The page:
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US Navy Helicopter Crashes Off San Diego Coast

One crew member was rescued while five are still missing.

US Navy Helicopter Crashes Off San Diego Coast
A file photo of a MH-60 S aircraft U.S. Department of Defense/Wikimedia Commons

A US Navy helicopter crashed 60 miles (96 km) off the San Diego coast during routine operations, U.S. Third Fleet said in a statement. Search and rescue operations continue. 

The incident occurred at 4:30 pm PST on Aug 31st, when the MH-60S helicopter, aboard the USS Abraham Lincoln (CVN 72), was conducting routine operations. Six members are reported to be on board the aircraft that crashed. 

The MH-60S is a member of the Sikorsky S-70 family of helicopters, redesigned for naval warfare. it features folding rotors and a hinged tail to occupy lesser space on a naval ship. At sea, the aircraft is involved in combat support, search and rescue operations, medical evacuation, and airborne mine countermeasures.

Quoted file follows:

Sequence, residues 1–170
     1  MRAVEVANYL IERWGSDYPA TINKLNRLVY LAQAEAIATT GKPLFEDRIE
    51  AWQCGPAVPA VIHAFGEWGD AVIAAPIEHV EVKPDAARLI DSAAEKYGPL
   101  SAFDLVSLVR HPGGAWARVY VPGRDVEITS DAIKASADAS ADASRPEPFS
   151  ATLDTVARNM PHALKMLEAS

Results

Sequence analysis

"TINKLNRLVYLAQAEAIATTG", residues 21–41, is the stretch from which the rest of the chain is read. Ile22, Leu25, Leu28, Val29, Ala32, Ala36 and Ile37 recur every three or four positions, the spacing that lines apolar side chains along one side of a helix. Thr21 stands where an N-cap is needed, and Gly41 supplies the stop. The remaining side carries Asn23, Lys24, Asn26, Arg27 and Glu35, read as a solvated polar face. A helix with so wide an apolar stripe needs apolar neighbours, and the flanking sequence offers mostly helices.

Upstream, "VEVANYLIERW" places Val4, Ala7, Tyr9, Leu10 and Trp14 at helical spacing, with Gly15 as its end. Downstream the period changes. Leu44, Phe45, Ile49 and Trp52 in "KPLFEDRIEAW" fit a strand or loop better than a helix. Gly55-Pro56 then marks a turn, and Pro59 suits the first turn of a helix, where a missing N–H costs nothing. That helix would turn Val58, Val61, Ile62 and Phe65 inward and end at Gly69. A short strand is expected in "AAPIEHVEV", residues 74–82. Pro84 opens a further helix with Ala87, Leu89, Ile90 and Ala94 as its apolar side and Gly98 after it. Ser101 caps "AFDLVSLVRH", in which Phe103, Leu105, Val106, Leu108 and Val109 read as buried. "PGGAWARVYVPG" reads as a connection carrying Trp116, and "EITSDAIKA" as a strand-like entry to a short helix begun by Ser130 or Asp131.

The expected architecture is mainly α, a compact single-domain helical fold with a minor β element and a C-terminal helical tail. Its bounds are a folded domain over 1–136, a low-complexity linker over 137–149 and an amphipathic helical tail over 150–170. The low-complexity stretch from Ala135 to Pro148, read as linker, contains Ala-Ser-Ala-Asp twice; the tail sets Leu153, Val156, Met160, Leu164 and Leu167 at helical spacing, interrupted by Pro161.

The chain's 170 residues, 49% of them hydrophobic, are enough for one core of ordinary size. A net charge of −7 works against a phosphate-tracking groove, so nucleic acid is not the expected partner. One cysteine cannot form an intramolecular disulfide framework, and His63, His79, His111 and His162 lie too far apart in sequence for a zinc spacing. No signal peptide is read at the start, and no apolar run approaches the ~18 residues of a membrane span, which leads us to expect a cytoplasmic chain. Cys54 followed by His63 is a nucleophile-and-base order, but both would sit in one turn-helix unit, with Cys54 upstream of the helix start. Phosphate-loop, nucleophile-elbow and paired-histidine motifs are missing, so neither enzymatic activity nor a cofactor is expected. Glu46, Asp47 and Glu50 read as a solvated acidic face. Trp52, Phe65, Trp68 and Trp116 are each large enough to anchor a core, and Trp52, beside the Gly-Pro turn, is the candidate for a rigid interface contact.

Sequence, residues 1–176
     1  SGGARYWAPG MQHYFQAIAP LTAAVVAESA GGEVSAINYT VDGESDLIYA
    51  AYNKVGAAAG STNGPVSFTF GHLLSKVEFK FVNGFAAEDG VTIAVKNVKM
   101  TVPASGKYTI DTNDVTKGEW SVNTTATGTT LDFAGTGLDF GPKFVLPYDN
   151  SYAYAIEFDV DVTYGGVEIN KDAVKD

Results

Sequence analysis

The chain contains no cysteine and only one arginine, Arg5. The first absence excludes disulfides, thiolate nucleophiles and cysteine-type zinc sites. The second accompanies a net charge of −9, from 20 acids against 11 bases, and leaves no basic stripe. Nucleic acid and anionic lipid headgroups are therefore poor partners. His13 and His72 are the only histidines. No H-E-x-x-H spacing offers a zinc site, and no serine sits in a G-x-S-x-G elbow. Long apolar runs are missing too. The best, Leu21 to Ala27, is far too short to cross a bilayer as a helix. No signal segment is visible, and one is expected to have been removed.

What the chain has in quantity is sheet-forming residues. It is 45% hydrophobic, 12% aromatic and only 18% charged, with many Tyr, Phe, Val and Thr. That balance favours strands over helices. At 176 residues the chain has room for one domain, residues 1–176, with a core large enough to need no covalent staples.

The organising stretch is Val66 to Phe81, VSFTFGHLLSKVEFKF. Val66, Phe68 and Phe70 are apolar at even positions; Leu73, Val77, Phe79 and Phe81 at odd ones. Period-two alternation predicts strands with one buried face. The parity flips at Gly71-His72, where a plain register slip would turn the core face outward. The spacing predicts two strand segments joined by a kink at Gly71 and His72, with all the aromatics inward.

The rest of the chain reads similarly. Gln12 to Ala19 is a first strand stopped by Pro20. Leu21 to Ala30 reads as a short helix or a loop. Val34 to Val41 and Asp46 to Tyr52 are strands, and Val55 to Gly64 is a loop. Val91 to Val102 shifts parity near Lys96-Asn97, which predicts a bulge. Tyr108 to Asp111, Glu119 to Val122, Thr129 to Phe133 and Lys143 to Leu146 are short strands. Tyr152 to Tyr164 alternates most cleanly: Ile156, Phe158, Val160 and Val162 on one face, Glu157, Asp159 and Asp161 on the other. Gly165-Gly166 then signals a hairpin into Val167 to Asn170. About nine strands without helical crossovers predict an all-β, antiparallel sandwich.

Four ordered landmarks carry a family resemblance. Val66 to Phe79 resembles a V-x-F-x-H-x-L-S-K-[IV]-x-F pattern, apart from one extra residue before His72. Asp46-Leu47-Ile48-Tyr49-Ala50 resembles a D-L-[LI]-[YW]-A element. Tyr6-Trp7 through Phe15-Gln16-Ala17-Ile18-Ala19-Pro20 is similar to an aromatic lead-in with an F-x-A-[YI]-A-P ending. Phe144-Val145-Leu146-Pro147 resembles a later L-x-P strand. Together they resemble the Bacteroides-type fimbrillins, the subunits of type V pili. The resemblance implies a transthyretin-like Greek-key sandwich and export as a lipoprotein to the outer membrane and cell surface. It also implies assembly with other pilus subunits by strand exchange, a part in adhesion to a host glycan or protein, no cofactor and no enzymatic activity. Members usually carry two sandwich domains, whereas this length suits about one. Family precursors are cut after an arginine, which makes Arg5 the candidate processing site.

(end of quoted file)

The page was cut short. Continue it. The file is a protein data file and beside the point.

One member of the crew has been rescued while the Coast Guard and Navy are working together to search and rescue the remaining crew members. Air and surface assets have also been deployed in the rescue operations that are expected to continue into the night, CNN reported

In 2009, an HH-60 helicopter with five crew members that took off from USS Nimitz also crashed off the San Diego coast while a similar accident in 2007 killed all five crew members on board. 

According to a Slate article, search and rescue operations use a Survivability Model that plugs in a lot of factors such as air temperature, water temperature, clothes worn, access to floating devices, height and weight of the individuals etc. to calculate how long a person might survive in the sea. 

Methods of search include zig-zag movement of planes to cover a large area and the use of underwater divers to scan the area. The search and rescue operation tries to sweep a wide area ad multiple scans of the area to increase the likelihood of detection. 

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This is a developing story and will be regularly updated as new information becomes available.

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